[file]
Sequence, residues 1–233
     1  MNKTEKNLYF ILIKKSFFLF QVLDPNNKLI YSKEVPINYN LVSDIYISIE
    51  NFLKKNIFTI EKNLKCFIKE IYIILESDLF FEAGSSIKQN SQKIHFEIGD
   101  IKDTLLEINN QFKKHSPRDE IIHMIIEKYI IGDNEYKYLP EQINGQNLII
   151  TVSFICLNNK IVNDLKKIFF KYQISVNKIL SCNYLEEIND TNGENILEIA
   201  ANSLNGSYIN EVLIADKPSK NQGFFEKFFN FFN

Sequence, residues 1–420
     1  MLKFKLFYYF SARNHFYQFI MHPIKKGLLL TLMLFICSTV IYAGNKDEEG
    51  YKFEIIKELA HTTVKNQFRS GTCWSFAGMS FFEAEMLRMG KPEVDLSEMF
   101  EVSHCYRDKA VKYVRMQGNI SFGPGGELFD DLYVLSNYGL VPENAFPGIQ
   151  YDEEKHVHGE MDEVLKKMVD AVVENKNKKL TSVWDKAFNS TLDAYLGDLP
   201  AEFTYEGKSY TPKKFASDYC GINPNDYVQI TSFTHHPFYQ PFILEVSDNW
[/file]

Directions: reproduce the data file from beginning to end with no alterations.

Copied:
Sequence, residues 1–233
     1  MNKTEKNLYF ILIKKSFFLF QVLDPNNKLI YSKEVPINYN LVSDIYISIE
    51  NFLKKNIFTI EKNLKCFIKE IYIILESDLF FEAGSSIKQN SQKIHFEIGD
   101  IKDTLLEINN QFKKHSPRDE IIHMIIEKYI IGDNEYKYLP EQINGQNLII
   151  TVSFICLNNK IVNDLKKIFF KYQISVNKIL SCNYLEEIND TNGENILEIA
   201  ANSLNGSYIN EVLIADKPSK NQGFFEKFFN FFN

Sequence, residues 1–420
     1  MLKFKLFYYF SARNHFYQFI MHPIKKGLLL TLMLFICSTV IYAGNKDEEG
    51  YKFEIIKELA HTTVKNQFRS GTCWSFAGMS FFEAEMLRMG KPEVDLSEMF
   101  EVSHCYRDKA VKYVRMQGNI SFGPGGELFD DLYVLSNYGL VPENAFPGIQ
   151  YDEEKHVHGE MDEVLKKMVD AVVENKNKKL TSVWDKAFNS TLDAYLGDLP
   201  AEFTYEGKSY TPKKFASDYC GINPNDYVQI TSFTHHPFYQ PFILEVSDNW